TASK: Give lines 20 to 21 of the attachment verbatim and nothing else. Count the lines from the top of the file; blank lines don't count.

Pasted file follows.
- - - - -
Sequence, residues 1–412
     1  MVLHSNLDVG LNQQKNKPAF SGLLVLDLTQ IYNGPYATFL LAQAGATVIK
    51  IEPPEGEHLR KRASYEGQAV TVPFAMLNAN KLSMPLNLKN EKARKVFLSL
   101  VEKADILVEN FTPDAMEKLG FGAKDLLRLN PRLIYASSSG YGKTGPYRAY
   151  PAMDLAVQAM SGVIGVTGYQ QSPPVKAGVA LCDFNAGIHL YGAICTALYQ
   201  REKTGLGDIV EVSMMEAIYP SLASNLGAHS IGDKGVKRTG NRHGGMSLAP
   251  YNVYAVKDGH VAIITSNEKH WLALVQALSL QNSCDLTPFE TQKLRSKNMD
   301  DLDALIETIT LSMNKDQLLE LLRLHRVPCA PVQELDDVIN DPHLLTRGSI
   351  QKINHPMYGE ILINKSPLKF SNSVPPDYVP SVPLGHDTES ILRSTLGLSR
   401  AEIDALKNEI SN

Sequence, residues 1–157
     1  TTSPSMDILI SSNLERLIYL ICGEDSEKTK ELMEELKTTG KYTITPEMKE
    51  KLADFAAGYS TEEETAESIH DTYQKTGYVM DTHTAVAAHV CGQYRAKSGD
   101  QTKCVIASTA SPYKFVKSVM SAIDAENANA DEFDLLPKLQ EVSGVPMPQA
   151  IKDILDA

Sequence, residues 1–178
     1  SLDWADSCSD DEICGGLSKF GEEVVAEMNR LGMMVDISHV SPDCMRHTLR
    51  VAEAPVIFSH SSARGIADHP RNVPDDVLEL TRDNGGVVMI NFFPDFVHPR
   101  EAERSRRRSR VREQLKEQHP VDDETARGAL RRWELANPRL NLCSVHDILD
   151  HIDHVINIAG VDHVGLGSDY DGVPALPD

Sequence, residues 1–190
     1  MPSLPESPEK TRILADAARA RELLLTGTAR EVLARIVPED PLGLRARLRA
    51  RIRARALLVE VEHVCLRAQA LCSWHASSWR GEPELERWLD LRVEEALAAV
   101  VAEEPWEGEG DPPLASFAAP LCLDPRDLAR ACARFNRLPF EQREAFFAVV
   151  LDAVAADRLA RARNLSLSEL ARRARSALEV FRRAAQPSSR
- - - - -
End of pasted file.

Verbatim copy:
   151  HIDHVINIAG VDHVGLGSDY DGVPALPD

Sequence, residues 1–190